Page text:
The prison boom has been associated with stalled progress in reducing racial inequality due to the disproportionate impact of incarceration on young, low-skilled, African-American males. Past research on inequality and incarceration has focused on the role of incarceration in generating inequality by comparing former prisoners to non-prisoners. However, there are also important racial disparities in post-prison outcomes among former prisoners. Young, black ex-offenders lag behind their white counterparts in achieving some of the traditional markers of the transition to adulthood—residential stability, stable labor market participation, and educational attainment.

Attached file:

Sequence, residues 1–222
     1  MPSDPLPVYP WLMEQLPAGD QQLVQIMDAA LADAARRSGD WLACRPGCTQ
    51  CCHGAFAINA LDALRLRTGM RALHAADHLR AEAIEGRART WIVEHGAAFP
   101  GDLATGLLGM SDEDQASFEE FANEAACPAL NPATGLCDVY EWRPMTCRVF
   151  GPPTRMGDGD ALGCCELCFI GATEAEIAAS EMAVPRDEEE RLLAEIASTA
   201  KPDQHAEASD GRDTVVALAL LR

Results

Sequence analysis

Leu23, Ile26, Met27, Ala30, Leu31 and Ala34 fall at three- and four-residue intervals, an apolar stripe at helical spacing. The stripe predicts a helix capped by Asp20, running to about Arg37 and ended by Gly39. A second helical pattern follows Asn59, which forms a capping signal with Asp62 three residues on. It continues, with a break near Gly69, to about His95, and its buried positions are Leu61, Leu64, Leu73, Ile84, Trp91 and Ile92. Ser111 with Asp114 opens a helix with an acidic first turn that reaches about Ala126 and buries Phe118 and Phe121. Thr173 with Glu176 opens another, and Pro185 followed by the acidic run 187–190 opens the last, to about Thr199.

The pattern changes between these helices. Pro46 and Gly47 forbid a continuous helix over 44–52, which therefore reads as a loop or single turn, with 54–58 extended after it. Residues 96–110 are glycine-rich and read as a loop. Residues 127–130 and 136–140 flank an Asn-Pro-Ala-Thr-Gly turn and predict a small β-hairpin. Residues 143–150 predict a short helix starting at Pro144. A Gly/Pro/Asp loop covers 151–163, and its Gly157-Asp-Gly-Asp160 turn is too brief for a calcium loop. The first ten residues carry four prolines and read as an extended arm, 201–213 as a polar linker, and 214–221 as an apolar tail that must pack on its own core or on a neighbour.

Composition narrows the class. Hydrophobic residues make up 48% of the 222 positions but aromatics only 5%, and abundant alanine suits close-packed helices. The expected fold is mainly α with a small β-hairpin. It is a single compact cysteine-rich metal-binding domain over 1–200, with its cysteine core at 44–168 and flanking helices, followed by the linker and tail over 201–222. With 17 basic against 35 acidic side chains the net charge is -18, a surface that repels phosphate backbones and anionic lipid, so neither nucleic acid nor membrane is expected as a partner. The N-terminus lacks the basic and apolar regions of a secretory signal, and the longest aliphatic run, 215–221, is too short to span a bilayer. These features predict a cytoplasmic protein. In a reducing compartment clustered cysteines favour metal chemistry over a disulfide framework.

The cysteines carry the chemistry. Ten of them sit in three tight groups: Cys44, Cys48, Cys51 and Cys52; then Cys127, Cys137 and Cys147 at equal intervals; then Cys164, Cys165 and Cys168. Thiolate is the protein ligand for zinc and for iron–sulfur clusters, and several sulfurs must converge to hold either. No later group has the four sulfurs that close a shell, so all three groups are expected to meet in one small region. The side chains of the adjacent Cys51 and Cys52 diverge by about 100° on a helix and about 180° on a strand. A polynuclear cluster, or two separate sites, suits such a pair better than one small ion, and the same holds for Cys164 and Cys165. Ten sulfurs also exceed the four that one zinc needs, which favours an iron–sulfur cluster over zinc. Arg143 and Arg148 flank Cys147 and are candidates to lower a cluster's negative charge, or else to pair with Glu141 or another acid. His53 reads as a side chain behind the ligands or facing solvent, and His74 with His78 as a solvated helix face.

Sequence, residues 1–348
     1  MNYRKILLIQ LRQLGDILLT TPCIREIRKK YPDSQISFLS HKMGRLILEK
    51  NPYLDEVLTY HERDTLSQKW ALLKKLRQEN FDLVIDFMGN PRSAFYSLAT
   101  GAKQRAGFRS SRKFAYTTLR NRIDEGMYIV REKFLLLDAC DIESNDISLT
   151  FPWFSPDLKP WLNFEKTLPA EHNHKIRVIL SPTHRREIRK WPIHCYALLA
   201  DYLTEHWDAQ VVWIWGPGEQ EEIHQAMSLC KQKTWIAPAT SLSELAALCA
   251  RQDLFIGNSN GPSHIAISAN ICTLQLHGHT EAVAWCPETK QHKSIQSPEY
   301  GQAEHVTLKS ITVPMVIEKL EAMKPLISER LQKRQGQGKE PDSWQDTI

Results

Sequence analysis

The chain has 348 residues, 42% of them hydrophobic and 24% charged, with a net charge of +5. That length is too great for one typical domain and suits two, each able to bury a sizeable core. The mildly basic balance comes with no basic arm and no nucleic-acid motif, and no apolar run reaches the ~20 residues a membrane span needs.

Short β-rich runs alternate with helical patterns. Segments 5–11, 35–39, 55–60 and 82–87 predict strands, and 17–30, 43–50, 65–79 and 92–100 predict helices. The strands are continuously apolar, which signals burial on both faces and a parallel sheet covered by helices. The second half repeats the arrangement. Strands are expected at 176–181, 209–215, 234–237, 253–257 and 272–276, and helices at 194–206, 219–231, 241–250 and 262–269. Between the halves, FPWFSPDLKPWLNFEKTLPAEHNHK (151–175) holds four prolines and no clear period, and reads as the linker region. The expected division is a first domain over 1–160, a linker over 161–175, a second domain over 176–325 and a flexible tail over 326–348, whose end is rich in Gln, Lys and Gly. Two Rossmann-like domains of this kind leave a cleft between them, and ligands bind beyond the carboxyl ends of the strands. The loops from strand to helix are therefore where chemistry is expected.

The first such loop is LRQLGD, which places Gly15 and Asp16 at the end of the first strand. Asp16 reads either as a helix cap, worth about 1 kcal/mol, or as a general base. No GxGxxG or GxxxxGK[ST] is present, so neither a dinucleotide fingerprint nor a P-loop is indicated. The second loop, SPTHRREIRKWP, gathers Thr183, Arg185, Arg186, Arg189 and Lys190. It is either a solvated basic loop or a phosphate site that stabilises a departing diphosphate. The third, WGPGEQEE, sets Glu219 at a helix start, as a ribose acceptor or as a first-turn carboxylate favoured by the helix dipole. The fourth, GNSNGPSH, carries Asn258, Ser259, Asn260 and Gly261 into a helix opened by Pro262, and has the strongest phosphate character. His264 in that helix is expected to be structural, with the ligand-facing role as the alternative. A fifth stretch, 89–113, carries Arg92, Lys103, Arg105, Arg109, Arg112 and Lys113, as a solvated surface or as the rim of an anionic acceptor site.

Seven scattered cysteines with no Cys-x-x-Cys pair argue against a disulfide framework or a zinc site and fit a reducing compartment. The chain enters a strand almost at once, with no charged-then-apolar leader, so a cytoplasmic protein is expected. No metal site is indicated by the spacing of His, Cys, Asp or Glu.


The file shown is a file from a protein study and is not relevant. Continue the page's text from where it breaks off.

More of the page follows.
Sociologist David Harding and criminologist Heather Harris will examine the extent to which the criminal justice system exacerbates racial inequalities by investigating differences in post-prison outcomes between blacks and whites who were released from prison during the transition to adulthood. They will examine the degree to which prior criminal justice system involvement accounts for racial differences in three post-release outcomes: employment, education, and residential stability.